Rule 9. Make sure there are lots of research experience opportunities for the science and engineering undergraduates, especially for the mediocre students. Sure, a smart and clever and imaginative science and engineering student can start a brilliant tech company, but an industrious mediocre student can take a professor’s great idea that he/she heard in the laboratory, and turn that into a successful tech company. Don’t overlook the mediocre science and engineering student. That industrious mediocre student may find the idea of a start up much more attractive than going into science, going to graduate school and becoming a scientist. In fact, the mediocre student may be mediocre because becoming a scientist or doing science is just not their thing, and they really are exceptionally bright: just the thing to lead a ‘start-up’. This is an important extension to rule 7.

Rule 10. The more science and engineering faculty within the University, the more ideas floating around that could become the next ‘tech idea’ for a great company. But the faculty have to be good to have ideas out there for the undergraduates to steal for a tech start-up. Have the University hire the best without regard to race, creed, gender, nationality, sexual orientation, and the ability to ‘dress well’. Invest in those faculty. A good engineering college at your university is going to cost more than $50 to $60 million a year. A politician who says they want an engineering college at their local university and only wants to pony up $30 million is an idiot. Better a good university, without a college of engineering, but with good science departments, than a bad university with a bad college of engineering. An under-funded college of engineering at your local university will lead to policies that break rule 8. I have seen really small, but excellent, 4 year colleges unwittingly nurture a student who goes on to build a really great tech company.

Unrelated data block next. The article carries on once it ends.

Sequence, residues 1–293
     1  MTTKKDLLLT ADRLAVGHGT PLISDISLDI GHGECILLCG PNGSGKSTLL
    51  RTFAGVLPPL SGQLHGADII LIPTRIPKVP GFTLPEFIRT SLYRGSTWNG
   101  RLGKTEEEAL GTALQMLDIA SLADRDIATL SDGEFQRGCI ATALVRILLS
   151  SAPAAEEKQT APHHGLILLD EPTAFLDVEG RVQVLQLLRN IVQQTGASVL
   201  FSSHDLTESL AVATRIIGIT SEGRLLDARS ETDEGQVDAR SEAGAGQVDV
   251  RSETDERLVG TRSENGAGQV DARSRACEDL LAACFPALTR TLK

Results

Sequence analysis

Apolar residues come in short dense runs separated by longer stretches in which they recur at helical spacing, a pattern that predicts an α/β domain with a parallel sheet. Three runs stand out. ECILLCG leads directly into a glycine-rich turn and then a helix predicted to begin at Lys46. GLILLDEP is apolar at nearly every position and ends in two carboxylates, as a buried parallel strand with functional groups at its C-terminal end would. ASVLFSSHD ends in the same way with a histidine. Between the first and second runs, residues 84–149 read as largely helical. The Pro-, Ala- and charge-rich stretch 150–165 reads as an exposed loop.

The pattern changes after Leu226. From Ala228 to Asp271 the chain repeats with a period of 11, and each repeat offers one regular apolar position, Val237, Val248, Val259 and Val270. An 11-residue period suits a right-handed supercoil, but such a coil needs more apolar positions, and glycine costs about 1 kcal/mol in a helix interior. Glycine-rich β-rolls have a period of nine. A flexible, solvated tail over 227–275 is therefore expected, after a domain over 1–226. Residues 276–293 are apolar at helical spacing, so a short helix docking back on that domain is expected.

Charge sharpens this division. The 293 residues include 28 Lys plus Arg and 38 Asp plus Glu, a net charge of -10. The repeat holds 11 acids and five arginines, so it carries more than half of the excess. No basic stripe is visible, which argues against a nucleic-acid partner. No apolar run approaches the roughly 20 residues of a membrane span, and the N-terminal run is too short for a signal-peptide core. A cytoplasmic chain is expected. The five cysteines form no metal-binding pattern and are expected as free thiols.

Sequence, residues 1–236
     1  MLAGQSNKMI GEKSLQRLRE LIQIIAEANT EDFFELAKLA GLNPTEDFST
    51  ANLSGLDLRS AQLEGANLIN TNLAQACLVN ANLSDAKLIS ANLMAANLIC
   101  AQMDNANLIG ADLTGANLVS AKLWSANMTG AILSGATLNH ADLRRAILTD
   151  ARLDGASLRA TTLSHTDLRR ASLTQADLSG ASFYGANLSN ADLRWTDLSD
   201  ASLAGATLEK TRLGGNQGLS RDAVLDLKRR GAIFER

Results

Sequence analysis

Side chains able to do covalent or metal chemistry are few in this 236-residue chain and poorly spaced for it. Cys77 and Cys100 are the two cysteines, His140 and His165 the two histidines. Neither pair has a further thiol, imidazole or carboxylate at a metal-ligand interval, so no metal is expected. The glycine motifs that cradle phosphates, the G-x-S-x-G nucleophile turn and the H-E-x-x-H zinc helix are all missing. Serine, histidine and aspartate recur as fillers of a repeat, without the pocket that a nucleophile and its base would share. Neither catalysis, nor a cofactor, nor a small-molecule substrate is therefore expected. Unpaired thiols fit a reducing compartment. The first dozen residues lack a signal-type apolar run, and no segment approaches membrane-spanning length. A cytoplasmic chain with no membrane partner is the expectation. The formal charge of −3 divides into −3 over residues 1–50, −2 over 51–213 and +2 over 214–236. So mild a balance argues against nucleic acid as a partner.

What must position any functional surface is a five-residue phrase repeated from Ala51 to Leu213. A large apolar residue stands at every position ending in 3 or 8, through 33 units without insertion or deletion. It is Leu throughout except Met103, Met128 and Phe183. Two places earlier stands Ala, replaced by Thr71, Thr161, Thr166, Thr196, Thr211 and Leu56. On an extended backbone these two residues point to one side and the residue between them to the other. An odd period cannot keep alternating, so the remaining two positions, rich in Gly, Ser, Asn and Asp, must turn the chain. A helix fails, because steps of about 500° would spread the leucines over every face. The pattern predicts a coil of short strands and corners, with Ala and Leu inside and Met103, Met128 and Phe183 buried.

Rule 11. Business innovation grants are generally a waste of money. It doesn’t work that way. Small Business Innovation Research (or SBIR) program grants go to companies already established or companies set up to write proposals to compete for SBIR grants. Maybe it does happen, but I have never seen an SBIR grant help establish a successful tech start up. If you are trying to get a tech start up going, you don’t have time to write grant proposals, at least not a great proposal. Most SBIR grants (not all, but most) fund dubious crap. So any local politician who starts talking about local business innovation grants has no idea how this really works and must be deemed an idiot. Invest in getting a great coffee shop to your community (rule 3). Beside, I doubt your local politicians could tell the different between a good engineering idea and a bad one; sometimes I can’t either, and I know a little “tech’.

University administrators and local politicians who break rules 1, 3, 6, 7, 8, 9, 10, 11 and fail to understand any of the other rules should be forced to live on the median (median, not average) of local taxes paid by local tech start-ups in your neighborhood that are less than 4 years old. They must be required to use the Chronicle of Higher Education as toilet paper. Any university administrator or local politician who espouses the idea of “build it and they will come” regarding a tech park should be forced to pay all the local taxes that go to support your local convention center. Any sociologist who wants to send me a survey [I know, just 20 minutes of my time] to get my insights on how science is done, will get no answer unless they can help me find a solution to that pesky second order non-linear differential equation that has been bothering me all week.

Originally posted to infotech on Sat Dec 14, 2013 at 07:29 AM PST.

Also republished by Teachers Lounge.